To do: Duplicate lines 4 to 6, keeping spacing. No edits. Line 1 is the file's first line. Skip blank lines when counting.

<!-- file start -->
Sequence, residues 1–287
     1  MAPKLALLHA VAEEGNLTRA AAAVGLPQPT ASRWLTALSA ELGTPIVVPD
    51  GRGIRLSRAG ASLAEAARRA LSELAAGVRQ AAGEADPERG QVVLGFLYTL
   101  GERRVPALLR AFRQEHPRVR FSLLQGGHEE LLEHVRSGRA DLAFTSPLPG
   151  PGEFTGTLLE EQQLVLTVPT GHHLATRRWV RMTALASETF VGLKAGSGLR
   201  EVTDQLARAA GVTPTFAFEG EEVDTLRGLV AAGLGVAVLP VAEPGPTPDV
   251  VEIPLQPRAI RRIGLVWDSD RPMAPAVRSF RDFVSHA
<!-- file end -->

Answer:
   101  GERRVPALLR AFRQEHPRVR FSLLQGGHEE LLEHVRSGRA DLAFTSPLPG
   151  PGEFTGTLLE EQQLVLTVPT GHHLATRRWV RMTALASETF VGLKAGSGLR
   201  EVTDQLARAA GVTPTFAFEG EEVDTLRGLV AAGLGVAVLP VAEPGPTPDV